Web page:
THIS is potentially one of the most complex issues which will be faced in the negotiations should there be a Yes vote for independence.
Theresa May has given a strong hint that the rest of the UK would deny Scots a UK passport. This is despite the fact that the British Border Agency advises British subjects that they can have dual nationality as long as the other country accepts dual nationality status.
It is possible that a Yes vote in Scotland will be interpreted as an anti-English vote which will mean that options like keeping a British passport will be withdrawn from Scots.
There is mixed historial precedent. Irish citizens were allowed dual nationality and keep hold of their British passports after the creation of the Irish Free State in 1922 until the British Nationality Act came into force in 1949.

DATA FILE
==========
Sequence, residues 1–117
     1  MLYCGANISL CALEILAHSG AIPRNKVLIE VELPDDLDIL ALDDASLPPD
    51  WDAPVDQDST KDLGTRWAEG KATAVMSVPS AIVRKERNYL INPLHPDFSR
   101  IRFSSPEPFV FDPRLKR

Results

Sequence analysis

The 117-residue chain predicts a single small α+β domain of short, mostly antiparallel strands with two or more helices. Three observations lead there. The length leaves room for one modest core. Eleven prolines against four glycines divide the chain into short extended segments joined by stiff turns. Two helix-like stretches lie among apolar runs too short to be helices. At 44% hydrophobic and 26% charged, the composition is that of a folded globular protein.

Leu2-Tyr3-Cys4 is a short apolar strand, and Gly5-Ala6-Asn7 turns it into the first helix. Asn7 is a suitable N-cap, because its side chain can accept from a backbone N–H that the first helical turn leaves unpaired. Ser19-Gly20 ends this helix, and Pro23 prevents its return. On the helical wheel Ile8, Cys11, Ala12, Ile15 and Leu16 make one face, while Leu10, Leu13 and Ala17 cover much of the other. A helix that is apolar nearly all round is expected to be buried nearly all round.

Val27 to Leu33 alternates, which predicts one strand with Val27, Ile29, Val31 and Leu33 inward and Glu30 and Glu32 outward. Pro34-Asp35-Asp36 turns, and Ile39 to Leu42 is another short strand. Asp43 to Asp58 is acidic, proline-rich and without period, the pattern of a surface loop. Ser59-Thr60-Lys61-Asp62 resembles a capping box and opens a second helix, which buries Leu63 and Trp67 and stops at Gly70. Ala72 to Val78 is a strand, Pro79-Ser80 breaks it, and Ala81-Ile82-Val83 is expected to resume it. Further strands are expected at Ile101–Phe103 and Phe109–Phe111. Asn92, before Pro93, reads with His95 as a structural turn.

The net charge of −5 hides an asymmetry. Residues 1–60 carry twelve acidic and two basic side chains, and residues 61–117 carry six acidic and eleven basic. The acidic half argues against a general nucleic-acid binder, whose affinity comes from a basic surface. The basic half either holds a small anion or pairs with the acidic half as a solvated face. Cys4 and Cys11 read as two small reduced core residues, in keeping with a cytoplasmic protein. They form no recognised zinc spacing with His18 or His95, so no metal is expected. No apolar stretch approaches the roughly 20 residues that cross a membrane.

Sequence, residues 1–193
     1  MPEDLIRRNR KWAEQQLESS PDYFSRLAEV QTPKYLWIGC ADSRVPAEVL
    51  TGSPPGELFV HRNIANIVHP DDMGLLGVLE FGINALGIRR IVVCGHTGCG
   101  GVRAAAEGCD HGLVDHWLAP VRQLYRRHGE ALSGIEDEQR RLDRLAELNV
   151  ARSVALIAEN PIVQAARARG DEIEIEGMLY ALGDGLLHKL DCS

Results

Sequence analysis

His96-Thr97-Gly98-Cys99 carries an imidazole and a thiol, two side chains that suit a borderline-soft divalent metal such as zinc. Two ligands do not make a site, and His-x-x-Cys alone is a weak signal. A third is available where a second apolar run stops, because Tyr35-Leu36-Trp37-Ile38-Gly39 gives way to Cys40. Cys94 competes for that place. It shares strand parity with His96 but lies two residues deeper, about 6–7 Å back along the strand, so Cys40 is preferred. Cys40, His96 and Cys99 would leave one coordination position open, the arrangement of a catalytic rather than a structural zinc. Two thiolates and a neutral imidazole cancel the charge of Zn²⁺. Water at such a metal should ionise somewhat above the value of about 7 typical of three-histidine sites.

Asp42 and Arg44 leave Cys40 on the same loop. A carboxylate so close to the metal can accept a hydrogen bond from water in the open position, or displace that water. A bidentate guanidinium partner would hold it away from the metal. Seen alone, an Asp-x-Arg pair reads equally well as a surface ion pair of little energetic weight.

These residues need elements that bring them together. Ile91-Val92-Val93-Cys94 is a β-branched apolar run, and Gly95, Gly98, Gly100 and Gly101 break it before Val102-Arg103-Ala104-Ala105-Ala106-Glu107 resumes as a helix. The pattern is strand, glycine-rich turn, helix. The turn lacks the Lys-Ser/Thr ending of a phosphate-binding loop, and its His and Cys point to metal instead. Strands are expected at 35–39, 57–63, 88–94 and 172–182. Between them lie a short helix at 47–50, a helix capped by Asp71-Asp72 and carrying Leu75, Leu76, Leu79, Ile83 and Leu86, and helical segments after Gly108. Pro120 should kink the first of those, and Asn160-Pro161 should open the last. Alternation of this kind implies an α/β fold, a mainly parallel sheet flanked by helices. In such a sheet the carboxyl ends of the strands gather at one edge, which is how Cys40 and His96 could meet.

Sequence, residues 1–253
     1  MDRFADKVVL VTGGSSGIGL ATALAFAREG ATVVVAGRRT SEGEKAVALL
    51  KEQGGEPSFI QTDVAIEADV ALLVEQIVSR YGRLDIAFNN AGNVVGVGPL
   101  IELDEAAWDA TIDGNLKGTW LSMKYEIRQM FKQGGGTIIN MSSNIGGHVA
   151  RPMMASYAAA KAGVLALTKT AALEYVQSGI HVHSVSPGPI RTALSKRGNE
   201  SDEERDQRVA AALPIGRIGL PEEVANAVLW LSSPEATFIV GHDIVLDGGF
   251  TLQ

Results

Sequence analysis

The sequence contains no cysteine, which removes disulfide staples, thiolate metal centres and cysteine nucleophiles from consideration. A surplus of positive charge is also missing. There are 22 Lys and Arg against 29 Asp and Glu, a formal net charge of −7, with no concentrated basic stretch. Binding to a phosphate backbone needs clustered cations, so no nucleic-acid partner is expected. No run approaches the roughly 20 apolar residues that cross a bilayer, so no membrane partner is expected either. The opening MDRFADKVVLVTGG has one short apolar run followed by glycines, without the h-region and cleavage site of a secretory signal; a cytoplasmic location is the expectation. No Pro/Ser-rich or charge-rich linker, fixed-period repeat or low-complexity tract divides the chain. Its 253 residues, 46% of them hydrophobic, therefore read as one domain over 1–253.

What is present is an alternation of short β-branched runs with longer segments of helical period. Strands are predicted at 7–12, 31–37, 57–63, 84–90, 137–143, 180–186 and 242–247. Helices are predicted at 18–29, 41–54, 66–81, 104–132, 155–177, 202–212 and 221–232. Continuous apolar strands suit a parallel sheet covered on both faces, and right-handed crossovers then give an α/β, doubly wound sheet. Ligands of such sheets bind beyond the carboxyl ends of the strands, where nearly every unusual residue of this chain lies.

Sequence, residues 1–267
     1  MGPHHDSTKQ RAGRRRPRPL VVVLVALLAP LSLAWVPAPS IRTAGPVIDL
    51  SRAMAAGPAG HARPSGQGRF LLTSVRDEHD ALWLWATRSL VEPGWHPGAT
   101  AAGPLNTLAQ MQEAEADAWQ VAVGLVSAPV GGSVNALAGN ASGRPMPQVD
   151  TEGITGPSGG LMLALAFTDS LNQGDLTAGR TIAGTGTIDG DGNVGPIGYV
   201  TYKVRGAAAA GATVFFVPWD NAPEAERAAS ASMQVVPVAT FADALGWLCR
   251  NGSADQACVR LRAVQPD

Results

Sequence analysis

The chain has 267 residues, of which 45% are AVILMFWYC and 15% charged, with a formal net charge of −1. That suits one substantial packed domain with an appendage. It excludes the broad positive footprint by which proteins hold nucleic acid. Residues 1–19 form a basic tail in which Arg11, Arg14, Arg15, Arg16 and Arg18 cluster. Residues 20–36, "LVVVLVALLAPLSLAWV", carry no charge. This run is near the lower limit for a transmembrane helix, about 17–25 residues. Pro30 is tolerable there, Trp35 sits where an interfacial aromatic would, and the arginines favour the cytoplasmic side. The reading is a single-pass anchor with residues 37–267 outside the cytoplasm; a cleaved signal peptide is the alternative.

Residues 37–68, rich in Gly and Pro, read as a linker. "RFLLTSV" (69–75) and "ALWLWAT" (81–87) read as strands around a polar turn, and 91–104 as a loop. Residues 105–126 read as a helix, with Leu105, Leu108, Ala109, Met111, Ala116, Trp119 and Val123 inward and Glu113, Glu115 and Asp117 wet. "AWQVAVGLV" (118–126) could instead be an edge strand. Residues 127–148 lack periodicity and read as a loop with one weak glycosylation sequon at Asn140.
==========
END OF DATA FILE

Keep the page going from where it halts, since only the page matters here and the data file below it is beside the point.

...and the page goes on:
More recently, when the Soviet Union broke up citizens had to hand back their old Soviet passports and choose one from just one of the new countries. Dual nationality was not available.
The only group guaranteed of keeping their British passports are those who choose to be citizens of the rest of the UK. As the successor state the rest of the UK will be most likely able to continue with the old passports.